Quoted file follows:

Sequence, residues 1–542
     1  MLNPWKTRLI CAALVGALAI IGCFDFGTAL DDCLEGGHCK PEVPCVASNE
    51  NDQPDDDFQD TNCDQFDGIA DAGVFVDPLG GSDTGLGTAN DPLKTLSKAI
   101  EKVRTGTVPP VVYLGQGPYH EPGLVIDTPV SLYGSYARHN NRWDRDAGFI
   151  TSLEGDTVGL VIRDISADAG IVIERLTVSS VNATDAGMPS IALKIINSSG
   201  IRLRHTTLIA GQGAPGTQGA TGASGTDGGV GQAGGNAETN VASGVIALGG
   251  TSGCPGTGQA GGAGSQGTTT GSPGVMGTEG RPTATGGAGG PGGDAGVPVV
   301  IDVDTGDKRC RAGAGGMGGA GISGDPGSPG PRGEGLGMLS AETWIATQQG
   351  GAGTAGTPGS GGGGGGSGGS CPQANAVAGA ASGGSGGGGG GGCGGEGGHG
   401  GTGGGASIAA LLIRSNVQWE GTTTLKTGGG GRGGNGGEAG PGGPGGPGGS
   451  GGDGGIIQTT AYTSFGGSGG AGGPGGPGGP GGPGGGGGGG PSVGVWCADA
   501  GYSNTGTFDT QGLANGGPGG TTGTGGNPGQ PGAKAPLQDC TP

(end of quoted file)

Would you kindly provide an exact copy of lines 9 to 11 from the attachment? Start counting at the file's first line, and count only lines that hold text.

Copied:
   351  GAGTAGTPGS GGGGGGSGGS CPQANAVAGA ASGGSGGGGG GGCGGEGGHG
   401  GTGGGASIAA LLIRSNVQWE GTTTLKTGGG GRGGNGGEAG PGGPGGPGGS
   451  GGDGGIIQTT AYTSFGGSGG AGGPGGPGGP GGPGGGGGGG PSVGVWCADA